Cold waters are a respite. I’ve written this before. The joy of summer dips, of cooling off on a mountain walk by submerging hot limbs and bodies in the cool water. But this has always come to a pause for me in autumn. Normally by October, the water has become too cold for anything more than a quick in/out followed by a shivering dry-off, and where’s the joy in that? So I stopped swimming, but I never stop thinking about it.

And now I am the proud owner of a wetsuit. A delightful second skin. A selkie skin, which feels like I’ve added at least 5cm of blubber – an impervious layer which protects me from that blood-freezing pain which stopped me swimming. Now, no water’s too cold. Winter swimming in the Atlantic Ocean. Oh yes. The wetsuit is delicious. To put it on is to feel anticipation. To get in the cold water is to come alive again. It is freedom in an item of clothing: what better thing could there be?

We came from the water; there happiness lies. To hear water, to feel water and to be in water. Now, I feel like I could live in the water. Succumb to its cool embrace. I wrote recently about the feeling of sonder I wonder whether there’s an equivalent word which is the feeling of rootedness, of connectivity. When you enter the sea, the world is within reach. America is just over the way, south, Africa, or north to Iceland. The seas connect even the most isolated of islands. For we and our planet are one.  

So some activities are just true joy, and such with climbing and with yoga, with swimming there is utter freedom from endless thoughts and worries. In the cold seas, all you are is purposeful porpoise. Or weightless whale. Or flying fish. I’m not even the best swimmer. I won’t win any races, but it’s not necessary, to always be expert to enjoy something. The enjoyment is in the participation; the breathless feeling of absolute pleasure and being in the perfect place at that perfect moment for that perfect unchangeable truth.

I’m off to Scapa Fest in May. A whole weekend of soul discoveries is something I am very much looking forward to. Activities range, but as the weekend festival is being marketed as yoga – movement – adventure – mindful living it’s basically this in a nutshell. As we become connected to the things that makes each of us individually, truly, ourselves, it is wonderful to find that the world is conspiring in this way as well: we’re all part of this larger change that’s happening in the planet right now. A move towards a more hopeful, sustainable, natural way of life. For me right now, jumping into that cold sea is step one. Scapa Fest is a hint of what other discoveries are to be made this year. And so it’s with a happy heart that I ask myself “I wonder what positive thing is going to happen to me today?”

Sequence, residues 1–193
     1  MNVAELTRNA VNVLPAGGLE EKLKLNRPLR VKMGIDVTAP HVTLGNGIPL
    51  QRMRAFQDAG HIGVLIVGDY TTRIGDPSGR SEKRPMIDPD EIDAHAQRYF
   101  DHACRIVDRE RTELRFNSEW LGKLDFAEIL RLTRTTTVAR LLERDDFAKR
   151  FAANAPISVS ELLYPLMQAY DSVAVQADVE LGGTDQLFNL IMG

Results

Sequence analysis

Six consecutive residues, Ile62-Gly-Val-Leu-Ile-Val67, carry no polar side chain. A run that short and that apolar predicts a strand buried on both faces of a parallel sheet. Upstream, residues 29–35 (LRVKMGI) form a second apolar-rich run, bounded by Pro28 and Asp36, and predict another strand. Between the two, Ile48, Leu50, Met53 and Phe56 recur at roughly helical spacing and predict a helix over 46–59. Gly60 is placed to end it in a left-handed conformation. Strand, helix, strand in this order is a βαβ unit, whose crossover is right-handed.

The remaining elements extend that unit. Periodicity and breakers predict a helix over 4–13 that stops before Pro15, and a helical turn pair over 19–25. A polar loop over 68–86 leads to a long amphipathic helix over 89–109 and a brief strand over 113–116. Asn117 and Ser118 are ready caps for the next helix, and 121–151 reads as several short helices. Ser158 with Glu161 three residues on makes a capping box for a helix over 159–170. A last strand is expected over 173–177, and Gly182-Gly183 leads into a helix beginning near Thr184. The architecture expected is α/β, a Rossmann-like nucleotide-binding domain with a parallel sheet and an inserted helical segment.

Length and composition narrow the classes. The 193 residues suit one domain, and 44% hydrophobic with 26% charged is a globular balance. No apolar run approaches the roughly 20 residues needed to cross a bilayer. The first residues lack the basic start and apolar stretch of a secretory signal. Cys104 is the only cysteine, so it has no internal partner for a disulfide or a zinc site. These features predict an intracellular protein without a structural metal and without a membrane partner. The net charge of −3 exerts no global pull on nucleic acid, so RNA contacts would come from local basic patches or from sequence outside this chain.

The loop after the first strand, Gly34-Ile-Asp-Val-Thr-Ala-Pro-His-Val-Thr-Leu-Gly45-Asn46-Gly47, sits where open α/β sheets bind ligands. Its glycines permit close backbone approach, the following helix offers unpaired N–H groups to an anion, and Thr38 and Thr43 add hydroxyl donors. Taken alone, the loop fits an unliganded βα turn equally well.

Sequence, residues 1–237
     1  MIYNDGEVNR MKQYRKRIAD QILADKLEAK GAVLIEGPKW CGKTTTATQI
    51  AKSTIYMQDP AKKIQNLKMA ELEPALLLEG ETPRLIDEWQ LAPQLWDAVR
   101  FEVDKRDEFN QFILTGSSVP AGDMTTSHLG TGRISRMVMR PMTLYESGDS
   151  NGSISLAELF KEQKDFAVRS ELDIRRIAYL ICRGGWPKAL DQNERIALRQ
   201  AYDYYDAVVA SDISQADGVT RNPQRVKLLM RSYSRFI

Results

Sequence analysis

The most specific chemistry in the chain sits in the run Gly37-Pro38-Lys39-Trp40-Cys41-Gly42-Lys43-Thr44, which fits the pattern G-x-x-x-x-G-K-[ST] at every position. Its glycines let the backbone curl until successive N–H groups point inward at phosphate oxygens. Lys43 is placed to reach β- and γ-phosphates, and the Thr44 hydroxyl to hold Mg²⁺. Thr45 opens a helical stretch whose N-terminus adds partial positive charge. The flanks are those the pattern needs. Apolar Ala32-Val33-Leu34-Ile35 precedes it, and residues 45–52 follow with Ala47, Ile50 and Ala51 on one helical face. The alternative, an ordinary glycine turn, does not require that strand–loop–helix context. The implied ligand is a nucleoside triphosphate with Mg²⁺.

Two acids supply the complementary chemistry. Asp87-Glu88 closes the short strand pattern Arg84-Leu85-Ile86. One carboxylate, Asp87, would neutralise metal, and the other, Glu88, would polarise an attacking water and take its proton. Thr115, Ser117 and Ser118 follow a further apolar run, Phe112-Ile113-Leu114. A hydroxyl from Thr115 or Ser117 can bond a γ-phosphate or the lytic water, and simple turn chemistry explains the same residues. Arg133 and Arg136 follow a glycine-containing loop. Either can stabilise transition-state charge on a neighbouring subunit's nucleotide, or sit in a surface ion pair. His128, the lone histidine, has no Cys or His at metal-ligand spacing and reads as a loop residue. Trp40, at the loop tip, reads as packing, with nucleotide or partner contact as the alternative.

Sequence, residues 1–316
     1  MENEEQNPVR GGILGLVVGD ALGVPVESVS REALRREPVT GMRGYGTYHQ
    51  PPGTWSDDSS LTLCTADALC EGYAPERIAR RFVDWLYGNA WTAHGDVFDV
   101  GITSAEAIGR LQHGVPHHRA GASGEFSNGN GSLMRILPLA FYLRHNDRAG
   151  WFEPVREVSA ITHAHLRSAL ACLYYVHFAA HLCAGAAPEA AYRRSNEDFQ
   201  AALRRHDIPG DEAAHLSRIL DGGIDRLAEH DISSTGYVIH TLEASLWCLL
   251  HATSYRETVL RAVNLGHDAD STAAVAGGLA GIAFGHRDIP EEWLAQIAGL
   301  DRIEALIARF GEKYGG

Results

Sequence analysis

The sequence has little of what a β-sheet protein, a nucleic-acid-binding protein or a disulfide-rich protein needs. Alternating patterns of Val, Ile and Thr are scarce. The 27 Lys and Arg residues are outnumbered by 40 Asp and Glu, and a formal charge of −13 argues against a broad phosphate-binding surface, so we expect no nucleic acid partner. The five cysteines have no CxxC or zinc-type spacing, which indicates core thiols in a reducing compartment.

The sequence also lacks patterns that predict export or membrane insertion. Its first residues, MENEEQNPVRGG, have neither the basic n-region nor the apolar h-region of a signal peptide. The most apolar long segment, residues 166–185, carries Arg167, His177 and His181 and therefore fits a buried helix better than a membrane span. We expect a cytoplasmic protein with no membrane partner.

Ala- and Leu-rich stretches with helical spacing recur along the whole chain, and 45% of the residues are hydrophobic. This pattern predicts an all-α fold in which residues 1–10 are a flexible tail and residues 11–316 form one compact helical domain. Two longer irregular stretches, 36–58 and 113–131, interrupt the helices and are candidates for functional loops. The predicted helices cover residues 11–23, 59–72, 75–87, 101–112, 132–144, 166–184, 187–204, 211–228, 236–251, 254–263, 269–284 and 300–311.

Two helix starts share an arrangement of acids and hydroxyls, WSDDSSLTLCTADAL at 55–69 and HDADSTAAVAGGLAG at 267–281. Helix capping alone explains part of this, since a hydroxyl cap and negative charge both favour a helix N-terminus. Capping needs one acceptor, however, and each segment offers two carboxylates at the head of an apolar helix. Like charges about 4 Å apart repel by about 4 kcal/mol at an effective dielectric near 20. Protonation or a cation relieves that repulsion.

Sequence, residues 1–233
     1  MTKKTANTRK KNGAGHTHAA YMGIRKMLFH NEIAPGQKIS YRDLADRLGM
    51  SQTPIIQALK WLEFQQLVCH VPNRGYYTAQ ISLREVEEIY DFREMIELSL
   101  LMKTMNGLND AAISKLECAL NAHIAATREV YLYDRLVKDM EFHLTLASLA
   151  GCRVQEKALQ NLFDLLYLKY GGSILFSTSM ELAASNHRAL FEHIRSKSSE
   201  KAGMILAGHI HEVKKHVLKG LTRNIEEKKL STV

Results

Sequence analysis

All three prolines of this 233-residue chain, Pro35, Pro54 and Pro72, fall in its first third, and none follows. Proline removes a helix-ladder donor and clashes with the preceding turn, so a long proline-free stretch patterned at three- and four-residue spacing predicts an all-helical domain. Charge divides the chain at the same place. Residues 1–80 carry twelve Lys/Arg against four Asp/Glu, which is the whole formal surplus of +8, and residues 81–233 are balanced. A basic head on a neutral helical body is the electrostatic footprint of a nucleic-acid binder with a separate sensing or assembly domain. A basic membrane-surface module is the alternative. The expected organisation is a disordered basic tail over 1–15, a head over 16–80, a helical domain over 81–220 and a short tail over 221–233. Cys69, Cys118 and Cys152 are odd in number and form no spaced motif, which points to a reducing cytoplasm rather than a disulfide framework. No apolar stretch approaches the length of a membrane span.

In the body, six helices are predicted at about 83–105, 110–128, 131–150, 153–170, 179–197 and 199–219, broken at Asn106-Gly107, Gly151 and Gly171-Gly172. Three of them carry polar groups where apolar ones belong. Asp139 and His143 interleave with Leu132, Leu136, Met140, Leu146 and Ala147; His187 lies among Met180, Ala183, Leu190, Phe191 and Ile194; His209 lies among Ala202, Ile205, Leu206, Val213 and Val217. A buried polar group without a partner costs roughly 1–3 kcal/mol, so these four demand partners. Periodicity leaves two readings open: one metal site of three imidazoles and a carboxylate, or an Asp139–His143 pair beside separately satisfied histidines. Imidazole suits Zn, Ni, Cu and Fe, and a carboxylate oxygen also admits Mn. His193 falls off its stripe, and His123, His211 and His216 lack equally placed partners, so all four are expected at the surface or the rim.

Tuesday, 20 February 2018

Little things that make me happy

Inspired by this post

  • Shards of sunlight peeking through the clouds
  • Clouds pouring over the top of hills
  • Snowy hills lost in the white sky 
  • Journey's end
  • Purring cats
  • Collecting and then cooking eggs from my hens
  • Stretching of limbs and feeling the coursing of blood through them
  • Walking uphill and turning round to view progress
  • The sweet smell of hay
  • Gulls riding the wind when all other birds have given up
  • Smiling at strangers and receiving a smile in return
  • Walking wild and stripping naked to jump in peaty burns
  • Howling like a wolf into the wind

All things from 2013 still stand    They are still loves of mine

I'm 5 years older, but I'm still me    And always will be

Now.... who are you? 

Monday, 19 February 2018

Other People

Did you know that there's a lovely word for which the literal meaning is 'the realisation that every person has a life as vivid and complex as your own'. Sonder. It's a wonderful word, but the meaning is just as rich in possibilities.

As we go about our lives, it is always worth remembering that all the people we interact with are also living out their own futures, dreams, desires. Heartaches, sadnesses and hardships.

It was brought home to me again recently how true this was. Sitting outside bars in Copenhagen, with blankets on our knees and watching the twilight come and the cyclists and walkers pass by was a new type of wonderful. It reminded me how important it is to visit new places: this long weekend is the first true holiday I've had in quite a while.

And it did well to remind me of that feeling, emotion, of sonder. All the people cycling past were off living their lives. Their deeply interesting, odd, quirky lives and if they noticed me at all I was just a smiling face in the light of a bar - nothing more. Which felt just right.

Thursday, 11 January 2018

Thoughts brought in with the Wind

Carrying on from yesterday’s post I lived the realization today of: Is nature not all of our cure? I truly believe that to be in nature as nature intended: with peace, patience and fun, is to find happiness.

Today, with work, we needed to take the high path to mark out our new guided trail. And it was a stunning day. The crescent moon hung in the sky, effortlessly highlighting the endless aons of worlds above us. The sun rose as a golden disk undisturbed by cloud or atmosphere. And the frost took time to vanish.

The temperature has probably hovered a couple of degrees above freezing all day. And the wind was gentle and cold, but just present enough to bring tidings of the sea, and memories of other lives and other places. It was the most perfect day to be outside: clambering, jumping and cartwheeling.

Instead, I was working. But there was plenty of clambering, although the jumping and cartwheeling happened only in my heart. The rocks were slippery with ice, but still there was a spider, crawling. There were plenty of other things both seen and unseen. A goldie welcomed us, flapping effortlessly over our heads almost as soon as we set off. I cannot remember the last time I didn’t see an eagle at Loch Druidibeg.

I realise more than many how overwhelming life can be sometimes. But although there are times that nature is just too sad, too much to be in, when in a reasonable frame of mind it can reach corners of the mind that no manner of thinking, of conversation, of therapy can reach. It does something essential, and that is that it reminds us of the beauty of other people’s lives. It reminds us that actually, the world does not revolve around us, ourselves. The world revolves in a seemingly endless vacuum and the fact that we are here at all is some incredible miracle.

Nature has a wonderful gift of making us feel small and insignificant and yet, in that same instance, of feeling invincible and eternal. I have no idea how it does that, but what a remarkable gift.